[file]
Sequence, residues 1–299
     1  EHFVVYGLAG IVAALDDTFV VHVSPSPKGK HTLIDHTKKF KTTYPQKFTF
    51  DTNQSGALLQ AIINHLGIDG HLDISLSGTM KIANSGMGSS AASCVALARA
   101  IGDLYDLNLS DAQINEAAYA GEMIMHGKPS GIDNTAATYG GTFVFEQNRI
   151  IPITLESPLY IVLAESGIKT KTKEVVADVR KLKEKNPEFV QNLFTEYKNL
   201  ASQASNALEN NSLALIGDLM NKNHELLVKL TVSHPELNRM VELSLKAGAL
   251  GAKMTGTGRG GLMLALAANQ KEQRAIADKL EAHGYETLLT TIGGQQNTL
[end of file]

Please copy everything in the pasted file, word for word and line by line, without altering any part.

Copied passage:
Sequence, residues 1–299
     1  EHFVVYGLAG IVAALDDTFV VHVSPSPKGK HTLIDHTKKF KTTYPQKFTF
    51  DTNQSGALLQ AIINHLGIDG HLDISLSGTM KIANSGMGSS AASCVALARA
   101  IGDLYDLNLS DAQINEAAYA GEMIMHGKPS GIDNTAATYG GTFVFEQNRI
   151  IPITLESPLY IVLAESGIKT KTKEVVADVR KLKEKNPEFV QNLFTEYKNL
   201  ASQASNALEN NSLALIGDLM NKNHELLVKL TVSHPELNRM VELSLKAGAL
   251  GAKMTGTGRG GLMLALAANQ KEQRAIADKL EAHGYETLLT TIGGQQNTL